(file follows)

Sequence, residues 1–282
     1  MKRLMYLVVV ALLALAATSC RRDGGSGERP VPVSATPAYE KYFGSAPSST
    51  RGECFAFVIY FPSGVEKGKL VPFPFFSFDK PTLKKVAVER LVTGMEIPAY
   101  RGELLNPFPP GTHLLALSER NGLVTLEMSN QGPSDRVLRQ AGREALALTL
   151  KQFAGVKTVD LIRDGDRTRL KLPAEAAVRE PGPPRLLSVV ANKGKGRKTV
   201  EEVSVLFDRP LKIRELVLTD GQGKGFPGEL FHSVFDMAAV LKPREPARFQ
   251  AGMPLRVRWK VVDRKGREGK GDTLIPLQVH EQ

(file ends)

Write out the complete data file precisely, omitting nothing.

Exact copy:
Sequence, residues 1–282
     1  MKRLMYLVVV ALLALAATSC RRDGGSGERP VPVSATPAYE KYFGSAPSST
    51  RGECFAFVIY FPSGVEKGKL VPFPFFSFDK PTLKKVAVER LVTGMEIPAY
   101  RGELLNPFPP GTHLLALSER NGLVTLEMSN QGPSDRVLRQ AGREALALTL
   151  KQFAGVKTVD LIRDGDRTRL KLPAEAAVRE PGPPRLLSVV ANKGKGRKTV
   201  EEVSVLFDRP LKIRELVLTD GQGKGFPGEL FHSVFDMAAV LKPREPARFQ
   251  AGMPLRVRWK VVDRKGREGK GDTLIPLQVH EQ